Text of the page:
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It is a much debated question: why did Central African forests become partially fragmented between 2,500 and 2,000 years ago, leaving room for more open forest landscapes and savannah? Recently, a publication attempted to explain that it was the farming Bantu peoples who were responsible for this, through the large-scale clearing that they undertook. But several IRD experts and their partners( 1) contest this argument in Science magazine. The fragmentation of the Central African forest was the result of drastic climate change. In fact, during this period a phase of general desiccation spread from the equatorial region right to the edges of the Sahel. Numerous data show that it was only 500 years later, in other words some 2,000 years ago, that Bantu colonisation became widespread. The first Bantu populations therefore merely took advantage of the opening up of the forest to enter these areas and start growing their crops.
One and a half million people per year are poisoned by snake venom in Sub-Saharan Africa. An IRD researcher recently analysed around 100 surveys and medical reports published over the past 40 years. No large-scale study of the situation had hitherto been conducted and public health authorities had underestimated the size of the problem. This means that currently only 10% of victims are treated, owing to a shortage of antivenoms * and lack of awareness among health care practitioners. Yet the clinical complications can be very serious, even fatal. A bite from a cobra or mamba can bring on death by asphyxia –due to respiratory paralysis– within 6h after the incident. Venom injected by the ocellated carpet viper, common in the African savannah, can cause haemorrhages leading to the victim’s death in a few days.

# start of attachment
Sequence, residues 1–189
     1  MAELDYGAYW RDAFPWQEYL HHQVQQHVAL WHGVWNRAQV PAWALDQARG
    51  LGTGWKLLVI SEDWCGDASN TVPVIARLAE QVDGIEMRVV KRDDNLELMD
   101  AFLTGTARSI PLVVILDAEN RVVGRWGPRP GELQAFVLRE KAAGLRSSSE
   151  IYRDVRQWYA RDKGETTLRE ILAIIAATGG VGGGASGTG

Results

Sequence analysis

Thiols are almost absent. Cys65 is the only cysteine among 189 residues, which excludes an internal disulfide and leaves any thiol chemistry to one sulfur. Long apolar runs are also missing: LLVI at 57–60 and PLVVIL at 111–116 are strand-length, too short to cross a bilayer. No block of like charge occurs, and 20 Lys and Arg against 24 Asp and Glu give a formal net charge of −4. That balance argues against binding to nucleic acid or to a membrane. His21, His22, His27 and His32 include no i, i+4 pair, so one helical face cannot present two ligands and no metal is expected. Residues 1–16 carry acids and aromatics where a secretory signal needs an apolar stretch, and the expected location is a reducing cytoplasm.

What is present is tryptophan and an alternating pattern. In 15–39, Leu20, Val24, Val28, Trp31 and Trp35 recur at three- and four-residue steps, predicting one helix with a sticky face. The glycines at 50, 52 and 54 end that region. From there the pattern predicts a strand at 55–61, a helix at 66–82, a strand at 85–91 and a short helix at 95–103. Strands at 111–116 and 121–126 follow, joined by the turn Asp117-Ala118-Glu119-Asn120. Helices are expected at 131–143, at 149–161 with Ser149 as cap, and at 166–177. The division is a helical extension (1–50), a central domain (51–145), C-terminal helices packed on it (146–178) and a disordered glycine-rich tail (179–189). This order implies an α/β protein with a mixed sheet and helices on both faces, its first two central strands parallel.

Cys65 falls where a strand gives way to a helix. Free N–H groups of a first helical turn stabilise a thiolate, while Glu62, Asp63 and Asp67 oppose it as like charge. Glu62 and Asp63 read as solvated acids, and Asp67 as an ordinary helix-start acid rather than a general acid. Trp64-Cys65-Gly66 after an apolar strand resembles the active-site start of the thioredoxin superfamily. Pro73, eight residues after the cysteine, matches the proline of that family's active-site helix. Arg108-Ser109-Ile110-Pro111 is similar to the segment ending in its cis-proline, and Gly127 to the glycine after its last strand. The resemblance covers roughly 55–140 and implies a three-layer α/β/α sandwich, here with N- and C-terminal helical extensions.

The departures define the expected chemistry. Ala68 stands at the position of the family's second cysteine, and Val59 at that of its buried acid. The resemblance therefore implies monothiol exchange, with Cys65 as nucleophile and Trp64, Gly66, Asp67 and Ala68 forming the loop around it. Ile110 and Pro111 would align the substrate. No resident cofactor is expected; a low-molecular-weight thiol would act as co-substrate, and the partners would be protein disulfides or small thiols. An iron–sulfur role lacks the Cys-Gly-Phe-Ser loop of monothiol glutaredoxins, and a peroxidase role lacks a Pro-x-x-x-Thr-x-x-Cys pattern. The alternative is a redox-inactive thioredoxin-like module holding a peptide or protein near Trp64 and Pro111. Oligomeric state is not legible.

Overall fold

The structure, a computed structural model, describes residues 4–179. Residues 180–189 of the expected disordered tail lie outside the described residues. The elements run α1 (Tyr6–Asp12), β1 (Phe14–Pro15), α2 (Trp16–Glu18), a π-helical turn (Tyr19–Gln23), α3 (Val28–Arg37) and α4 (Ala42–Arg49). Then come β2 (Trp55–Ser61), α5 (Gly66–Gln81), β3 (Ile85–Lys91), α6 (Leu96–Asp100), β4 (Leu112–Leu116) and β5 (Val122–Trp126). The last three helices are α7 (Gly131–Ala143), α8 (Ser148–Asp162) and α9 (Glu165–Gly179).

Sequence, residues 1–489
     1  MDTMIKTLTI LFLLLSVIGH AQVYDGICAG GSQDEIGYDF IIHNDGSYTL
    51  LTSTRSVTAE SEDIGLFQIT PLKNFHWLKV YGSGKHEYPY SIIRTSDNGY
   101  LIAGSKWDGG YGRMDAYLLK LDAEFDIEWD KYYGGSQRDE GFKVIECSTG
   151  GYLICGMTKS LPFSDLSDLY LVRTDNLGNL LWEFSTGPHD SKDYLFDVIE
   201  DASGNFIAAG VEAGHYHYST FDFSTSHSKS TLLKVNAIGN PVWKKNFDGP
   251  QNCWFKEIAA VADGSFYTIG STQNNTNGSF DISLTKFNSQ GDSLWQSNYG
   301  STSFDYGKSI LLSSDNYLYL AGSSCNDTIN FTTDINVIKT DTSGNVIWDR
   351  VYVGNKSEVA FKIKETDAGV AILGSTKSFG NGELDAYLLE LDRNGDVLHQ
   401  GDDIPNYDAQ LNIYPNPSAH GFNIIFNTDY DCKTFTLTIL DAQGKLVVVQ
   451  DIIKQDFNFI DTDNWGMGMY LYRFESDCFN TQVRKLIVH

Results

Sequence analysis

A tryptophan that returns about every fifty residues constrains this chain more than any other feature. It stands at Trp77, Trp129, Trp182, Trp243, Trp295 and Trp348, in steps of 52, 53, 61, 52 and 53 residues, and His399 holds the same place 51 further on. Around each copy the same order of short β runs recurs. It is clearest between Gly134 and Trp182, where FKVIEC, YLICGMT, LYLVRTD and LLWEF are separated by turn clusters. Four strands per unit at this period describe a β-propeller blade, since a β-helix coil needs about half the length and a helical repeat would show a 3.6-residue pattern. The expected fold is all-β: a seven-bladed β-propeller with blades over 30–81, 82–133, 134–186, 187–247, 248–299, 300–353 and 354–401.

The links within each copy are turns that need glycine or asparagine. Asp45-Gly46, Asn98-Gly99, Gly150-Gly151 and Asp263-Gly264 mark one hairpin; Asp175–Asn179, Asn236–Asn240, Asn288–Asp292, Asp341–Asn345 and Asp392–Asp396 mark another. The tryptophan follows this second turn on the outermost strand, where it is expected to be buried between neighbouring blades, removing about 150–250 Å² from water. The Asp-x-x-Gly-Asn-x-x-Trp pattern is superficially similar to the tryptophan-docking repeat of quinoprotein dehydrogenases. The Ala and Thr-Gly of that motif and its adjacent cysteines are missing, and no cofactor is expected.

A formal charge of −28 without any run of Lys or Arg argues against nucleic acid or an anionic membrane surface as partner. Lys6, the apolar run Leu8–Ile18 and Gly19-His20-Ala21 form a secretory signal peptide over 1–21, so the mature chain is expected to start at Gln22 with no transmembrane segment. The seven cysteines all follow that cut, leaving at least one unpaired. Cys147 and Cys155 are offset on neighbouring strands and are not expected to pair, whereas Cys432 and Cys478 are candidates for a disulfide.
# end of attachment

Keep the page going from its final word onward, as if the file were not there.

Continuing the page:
This new study provides authorities with more detailed and reliable figures which should enable them to readjust their health-care services in better tune with needs.
Rice is the world’s most commonly used cereal food, feeding half of humanity. However, rice production will have to double within 20 years from now to meet the needs of a growing population.
Two species are used for cultivation, one Asian and the other African. The Asian species gives much stronger agronomic performances, but the African one is more rustic, more resistant to pathogens, more tolerant to drought and soil salinity.
With the aim of transferring these properties to Asian rice, IRD scientists and their research partners( 1) are seeking to overcome the sterility between the two species( 2). They used genome sequencing to compare the structure of a portion of chromosome, identified as the factor behind the reproductive barrier. These investigations, the first results of which were published recently in the journal PLoS One , have led to the definition of genetic markers allowing more rapid development of fertile lineages of improved Asian rice.
Over 33 million people in the world are living with HIV, the Aids virus, and 75% of them live in Sub-Saharan Africa. Most of the people ill with the disease on that continent are women. In the Ivory Coast, the West African country most affected by the pandemic, two women are contaminated for every one man. Women are indeed physiologically more vulnerable to a sexually transmitted infection like HIV.
However, in spite of this gender inequality in relation to Aids, far more women than men are taking part in treatment programmes. Is it their concern to protect their children and see them grow up? Are programmes better geared to women? IRD researchers and their partners (1) recently found evidence for a “gender paradox” and are seeking to understand this by examining women’s experience with HIV care measures.
Sleeping sickness is a parasitic infection which affects humans and animals alike in Africa. True to its name, it disturbs the sleep cycle: the patient sleeps during the day and stays awake at night. Sensory disturbance, motor coordination anomalies and mental confusion develop. The whole ...